Anyways, the view you see is of the Anza Borrego Desert floor below. This was taken just maybe 30-60 minutes after sunrise and the sun is still breaking through openings in the mountains. This light really gives good definition to the mountains and hills (and I guess bumps) down below.

The challenge was finding the composition I liked best. Choosing the best foreground rocks, which would still give me a great view of the desert floor and beyond. I think this is one of the better ones I came up with.

There are a number of reasons why I like this photo. One, the foreground rocks are pretty impressive, yet, you can see how fragile they are, as well. It's as almost you can see where the portions of these rocks has fallen (right below along that crevasse). Secondly, the crevasse (maybe it's a stream) is a very nice leading curves and lines to lead your eye further onto the desert floor below. Lastly, I love how the sun is just lighting the top edges of the hills on the very right side.

I think this is a pretty impressive vista, that maybe not as many folks, even local, know about here, an hour from downtown San Diego.

Sunday, May 2, 2010

California's Gold

If anyone has ever seen Huell Howser's show on PBS, you will know it is called "California's Gold." Here's a view which fits that description perfectly.

I took a trip up again to Sunrise Highway, which is up in the mountains, east of San Diego. I decided to leave a little before sunrise, so I can get better light and have a better blue in the sky. Well, I got sidetracked along Sunrise Highway. So this photo was taken 2-2 1/2 hours after sunrise. Still early enough to get some nice shots of the wildflowers.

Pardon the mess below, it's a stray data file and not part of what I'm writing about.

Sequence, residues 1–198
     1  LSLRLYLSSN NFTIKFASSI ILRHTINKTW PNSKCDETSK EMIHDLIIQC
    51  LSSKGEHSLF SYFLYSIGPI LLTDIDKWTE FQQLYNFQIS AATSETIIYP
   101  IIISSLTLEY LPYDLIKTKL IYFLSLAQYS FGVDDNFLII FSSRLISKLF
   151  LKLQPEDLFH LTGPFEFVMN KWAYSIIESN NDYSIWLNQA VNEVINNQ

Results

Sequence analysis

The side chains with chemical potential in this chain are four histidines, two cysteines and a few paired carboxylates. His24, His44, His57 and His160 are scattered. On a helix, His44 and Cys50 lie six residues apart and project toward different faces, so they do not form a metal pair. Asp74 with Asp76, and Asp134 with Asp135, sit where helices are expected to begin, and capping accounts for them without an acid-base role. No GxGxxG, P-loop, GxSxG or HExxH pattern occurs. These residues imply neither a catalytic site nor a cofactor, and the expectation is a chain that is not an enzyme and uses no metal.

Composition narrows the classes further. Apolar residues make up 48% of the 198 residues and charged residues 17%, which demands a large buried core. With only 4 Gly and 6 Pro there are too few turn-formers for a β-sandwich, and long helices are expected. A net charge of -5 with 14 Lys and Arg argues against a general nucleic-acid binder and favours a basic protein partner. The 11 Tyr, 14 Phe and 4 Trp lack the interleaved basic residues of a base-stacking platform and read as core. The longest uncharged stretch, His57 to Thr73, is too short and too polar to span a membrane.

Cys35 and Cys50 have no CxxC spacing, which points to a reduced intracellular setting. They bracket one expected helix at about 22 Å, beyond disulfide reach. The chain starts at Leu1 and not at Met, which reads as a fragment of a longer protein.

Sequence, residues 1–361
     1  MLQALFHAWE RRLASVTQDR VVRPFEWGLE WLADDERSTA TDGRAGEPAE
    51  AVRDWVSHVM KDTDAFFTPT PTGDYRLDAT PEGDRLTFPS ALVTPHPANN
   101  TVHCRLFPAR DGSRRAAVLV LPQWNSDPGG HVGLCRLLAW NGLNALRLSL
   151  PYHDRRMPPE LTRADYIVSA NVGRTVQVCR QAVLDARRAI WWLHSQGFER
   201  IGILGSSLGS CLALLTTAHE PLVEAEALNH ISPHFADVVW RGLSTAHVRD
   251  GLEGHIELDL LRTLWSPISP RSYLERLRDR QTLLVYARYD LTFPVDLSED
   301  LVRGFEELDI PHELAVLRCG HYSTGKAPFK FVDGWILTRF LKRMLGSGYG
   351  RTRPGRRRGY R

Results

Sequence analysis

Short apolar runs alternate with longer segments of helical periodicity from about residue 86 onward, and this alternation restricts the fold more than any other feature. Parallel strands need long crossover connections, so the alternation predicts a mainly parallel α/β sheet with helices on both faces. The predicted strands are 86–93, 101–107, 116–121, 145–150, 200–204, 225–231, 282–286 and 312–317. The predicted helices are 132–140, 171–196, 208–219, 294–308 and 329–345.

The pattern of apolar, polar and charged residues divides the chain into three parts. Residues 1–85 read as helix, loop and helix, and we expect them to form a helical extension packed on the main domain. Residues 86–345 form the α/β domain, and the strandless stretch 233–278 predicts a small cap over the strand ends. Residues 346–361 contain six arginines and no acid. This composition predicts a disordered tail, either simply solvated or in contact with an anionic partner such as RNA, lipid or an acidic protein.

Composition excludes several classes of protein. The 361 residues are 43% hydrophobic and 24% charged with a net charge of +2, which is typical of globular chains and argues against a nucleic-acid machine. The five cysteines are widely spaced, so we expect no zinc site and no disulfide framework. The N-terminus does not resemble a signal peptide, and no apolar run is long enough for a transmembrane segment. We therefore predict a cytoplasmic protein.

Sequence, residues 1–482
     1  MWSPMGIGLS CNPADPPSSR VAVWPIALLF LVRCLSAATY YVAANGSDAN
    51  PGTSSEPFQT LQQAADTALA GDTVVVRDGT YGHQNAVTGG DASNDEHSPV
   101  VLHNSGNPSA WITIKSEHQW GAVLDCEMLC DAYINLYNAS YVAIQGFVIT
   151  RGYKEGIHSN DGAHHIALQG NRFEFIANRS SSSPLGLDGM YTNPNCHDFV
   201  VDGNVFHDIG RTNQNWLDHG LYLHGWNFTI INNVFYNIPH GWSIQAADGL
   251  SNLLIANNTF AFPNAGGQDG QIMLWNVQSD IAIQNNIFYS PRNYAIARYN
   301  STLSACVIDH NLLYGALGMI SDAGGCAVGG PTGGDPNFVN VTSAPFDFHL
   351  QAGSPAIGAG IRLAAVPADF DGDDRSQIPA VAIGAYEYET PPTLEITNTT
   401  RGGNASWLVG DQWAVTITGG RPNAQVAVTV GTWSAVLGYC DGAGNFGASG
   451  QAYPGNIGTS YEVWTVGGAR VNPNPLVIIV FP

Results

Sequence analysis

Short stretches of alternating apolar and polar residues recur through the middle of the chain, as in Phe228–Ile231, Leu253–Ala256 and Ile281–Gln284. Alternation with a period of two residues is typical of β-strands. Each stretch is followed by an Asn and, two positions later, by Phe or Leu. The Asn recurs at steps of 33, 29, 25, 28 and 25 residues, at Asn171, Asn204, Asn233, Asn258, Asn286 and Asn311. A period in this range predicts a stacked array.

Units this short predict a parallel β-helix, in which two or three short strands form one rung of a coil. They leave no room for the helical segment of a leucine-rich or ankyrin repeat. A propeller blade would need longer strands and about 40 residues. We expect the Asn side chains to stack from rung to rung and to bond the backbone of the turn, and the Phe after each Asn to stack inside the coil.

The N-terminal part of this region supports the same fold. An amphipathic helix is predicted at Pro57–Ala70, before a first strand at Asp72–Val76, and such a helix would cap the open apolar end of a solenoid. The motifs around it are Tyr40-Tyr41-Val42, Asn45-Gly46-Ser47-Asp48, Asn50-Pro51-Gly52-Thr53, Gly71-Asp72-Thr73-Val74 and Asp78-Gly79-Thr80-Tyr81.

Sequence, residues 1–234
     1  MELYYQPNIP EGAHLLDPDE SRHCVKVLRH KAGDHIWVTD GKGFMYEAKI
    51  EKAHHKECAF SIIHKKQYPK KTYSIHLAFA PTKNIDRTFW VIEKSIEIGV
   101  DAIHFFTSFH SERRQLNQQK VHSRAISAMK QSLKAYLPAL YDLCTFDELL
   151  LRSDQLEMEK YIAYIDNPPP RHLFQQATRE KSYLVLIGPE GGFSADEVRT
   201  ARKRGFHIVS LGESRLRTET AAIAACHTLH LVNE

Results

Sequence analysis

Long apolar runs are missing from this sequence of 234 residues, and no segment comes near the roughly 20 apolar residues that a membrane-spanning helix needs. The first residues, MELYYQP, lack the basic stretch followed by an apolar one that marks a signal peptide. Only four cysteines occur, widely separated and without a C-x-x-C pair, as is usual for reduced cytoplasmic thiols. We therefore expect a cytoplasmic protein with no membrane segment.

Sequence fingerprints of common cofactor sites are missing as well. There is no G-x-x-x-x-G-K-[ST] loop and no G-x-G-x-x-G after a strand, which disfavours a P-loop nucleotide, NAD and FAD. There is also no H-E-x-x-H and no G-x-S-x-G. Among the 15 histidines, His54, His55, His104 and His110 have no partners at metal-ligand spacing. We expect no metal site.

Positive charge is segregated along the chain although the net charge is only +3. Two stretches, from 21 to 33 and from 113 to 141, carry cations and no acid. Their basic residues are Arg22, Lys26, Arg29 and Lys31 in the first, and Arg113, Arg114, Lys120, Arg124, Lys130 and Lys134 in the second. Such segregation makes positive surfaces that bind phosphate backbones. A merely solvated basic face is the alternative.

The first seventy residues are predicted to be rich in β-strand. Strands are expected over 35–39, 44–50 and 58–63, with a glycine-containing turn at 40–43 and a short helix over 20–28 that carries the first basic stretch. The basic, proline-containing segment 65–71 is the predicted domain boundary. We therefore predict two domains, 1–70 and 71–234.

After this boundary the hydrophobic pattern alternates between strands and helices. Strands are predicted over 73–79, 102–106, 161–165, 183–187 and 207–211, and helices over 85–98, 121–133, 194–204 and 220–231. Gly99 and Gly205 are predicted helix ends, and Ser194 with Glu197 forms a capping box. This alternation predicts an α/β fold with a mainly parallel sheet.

The wildflower you see dominating the landscape in this photo is called Blennosperma, which is Greek for "slimy seed." But, this is more commonly known as Stickyseeds. I went up last week, as well. But, this week, I noticed this wildflower move more across the landscape. I also started noticing the other dominate wildflower, which we should really start seeing in the next few weeks, the Tidy Tips, starting to sprout up. There will also be some nice lavender, reddish, and purple flowers popping up shortly. So the stickyseeds will have some company soon enough.

I plan on taking another drive up this way next weekend and to check out the progression of the other wildflowers I saw breaking through all this yellow and gold tones.  Along Cuyamaca Lake, I started seeing patches here and there. That should really start popping up by next weekend and be fuller. I think this will be pretty good throughout most of this month.  If you are local, take a drive up this way, preferably early in the morning.

About Me

San Diego, California, United States
Thanks for checking out my photography blog. I am a photographer from America's finest city, San Diego, California. This blog is just a regular update of what I am photographing or what catches my fancy, when I am out and about with my camera. So subscribe and stay up-to-date with my latest photographic adventures.